8. Sabrina Janczak

    Ben,
    Your videos are very helpful. CI is incredible , powerful and hard. I get nervous and insecure when I see my students get bored or restless. You have the fast processors who get bored fast and the slow processors who need tons more of CI. Finding a balance is tough! Also I love that you tie in discipline b/c that is what I need most.
    When do you plan on retiring? It is sad to think about that.

  9. Ain’t sad for me. It is only bc angels wings are so broad that I have made it this far. I feel the truth of what you say here, Sabrina:

    …CI is incredible , powerful and hard….

    I feel that truth so deeply. I am glad for the angels being so kind as to drive my car into the school for me on those days when I could barely get in it. And for their not ever letting me go completely splat in front of my students on those days when it just didn’t work out, which still happens. I don’t think any of us realize what work we are doing on a daily basis. If we did, if our awareness of our work were not veiled from us, I am sure that we would all run screaming for the door. As kind and devoted and helpful as the angels are, I don’t believe that even they would do this work. Fools rush in, right?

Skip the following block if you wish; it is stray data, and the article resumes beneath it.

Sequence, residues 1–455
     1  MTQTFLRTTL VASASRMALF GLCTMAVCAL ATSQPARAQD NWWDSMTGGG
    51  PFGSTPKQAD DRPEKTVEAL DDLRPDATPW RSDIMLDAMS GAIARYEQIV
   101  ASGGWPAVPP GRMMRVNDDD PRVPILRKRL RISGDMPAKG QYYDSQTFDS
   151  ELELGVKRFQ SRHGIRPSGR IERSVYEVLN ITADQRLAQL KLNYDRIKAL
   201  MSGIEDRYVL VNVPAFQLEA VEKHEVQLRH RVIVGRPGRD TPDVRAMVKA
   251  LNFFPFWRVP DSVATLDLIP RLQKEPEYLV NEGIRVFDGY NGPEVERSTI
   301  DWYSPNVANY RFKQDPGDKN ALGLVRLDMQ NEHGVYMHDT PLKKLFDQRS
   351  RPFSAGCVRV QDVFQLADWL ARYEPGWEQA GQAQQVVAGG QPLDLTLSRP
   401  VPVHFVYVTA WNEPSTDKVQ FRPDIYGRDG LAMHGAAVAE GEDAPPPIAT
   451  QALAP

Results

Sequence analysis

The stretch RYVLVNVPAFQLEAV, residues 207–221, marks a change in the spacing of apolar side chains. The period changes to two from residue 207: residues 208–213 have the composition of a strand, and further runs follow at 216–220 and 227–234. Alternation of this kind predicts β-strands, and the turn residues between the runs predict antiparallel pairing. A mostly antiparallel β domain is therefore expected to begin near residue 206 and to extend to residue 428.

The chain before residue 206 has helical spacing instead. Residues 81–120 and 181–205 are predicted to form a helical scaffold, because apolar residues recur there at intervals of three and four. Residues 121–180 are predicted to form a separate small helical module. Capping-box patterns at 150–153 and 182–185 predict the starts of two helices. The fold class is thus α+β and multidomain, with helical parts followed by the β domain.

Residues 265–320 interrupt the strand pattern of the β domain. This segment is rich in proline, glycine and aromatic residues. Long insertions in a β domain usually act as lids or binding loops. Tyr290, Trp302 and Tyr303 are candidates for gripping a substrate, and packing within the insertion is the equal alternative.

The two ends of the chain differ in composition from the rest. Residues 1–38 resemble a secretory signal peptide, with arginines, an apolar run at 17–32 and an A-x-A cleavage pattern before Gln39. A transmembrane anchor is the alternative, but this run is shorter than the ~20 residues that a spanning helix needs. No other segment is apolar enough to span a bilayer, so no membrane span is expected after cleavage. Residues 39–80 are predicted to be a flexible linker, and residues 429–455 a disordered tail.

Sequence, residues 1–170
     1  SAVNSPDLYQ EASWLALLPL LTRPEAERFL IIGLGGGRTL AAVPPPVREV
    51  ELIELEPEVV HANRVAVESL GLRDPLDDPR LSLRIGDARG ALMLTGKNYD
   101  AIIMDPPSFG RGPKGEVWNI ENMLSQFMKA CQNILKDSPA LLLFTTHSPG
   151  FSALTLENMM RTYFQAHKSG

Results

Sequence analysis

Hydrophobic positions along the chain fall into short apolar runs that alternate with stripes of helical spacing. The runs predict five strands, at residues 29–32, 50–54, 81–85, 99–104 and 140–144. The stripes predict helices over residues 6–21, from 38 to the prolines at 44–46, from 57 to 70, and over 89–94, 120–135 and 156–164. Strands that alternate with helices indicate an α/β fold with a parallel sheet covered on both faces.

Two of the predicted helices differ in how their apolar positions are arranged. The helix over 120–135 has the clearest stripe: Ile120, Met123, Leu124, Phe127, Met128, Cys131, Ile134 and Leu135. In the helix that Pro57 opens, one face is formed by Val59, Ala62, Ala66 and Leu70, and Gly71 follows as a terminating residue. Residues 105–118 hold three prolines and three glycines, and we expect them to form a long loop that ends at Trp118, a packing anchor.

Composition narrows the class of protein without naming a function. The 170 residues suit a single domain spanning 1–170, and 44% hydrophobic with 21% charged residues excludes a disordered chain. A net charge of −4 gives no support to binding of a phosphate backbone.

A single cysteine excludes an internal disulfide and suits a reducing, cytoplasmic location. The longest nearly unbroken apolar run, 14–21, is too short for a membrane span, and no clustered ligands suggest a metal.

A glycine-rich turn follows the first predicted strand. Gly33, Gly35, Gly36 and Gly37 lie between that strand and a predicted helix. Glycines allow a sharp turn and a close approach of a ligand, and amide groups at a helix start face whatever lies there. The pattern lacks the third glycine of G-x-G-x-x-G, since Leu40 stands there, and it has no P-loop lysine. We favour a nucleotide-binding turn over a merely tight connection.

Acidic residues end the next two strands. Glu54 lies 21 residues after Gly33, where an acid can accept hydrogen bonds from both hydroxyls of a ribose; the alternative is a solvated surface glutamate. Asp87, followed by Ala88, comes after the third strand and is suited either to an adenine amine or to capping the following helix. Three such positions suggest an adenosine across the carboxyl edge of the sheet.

10. The thought of you retiring scares me. I will be very happy for you, don’t get me wrong but I have to come to rely on you and your infinite wisdom on a daily basis. Hopefully, retiring from teaching will not be synonymous with retiring from the PLC. I am sure that your angel wings will carry you much further still, because the angels know that we need you!

  11. Thank you. I hesitate to continue with this group if I am not in a classroom. I am currently in year 35 and this is my first year half time.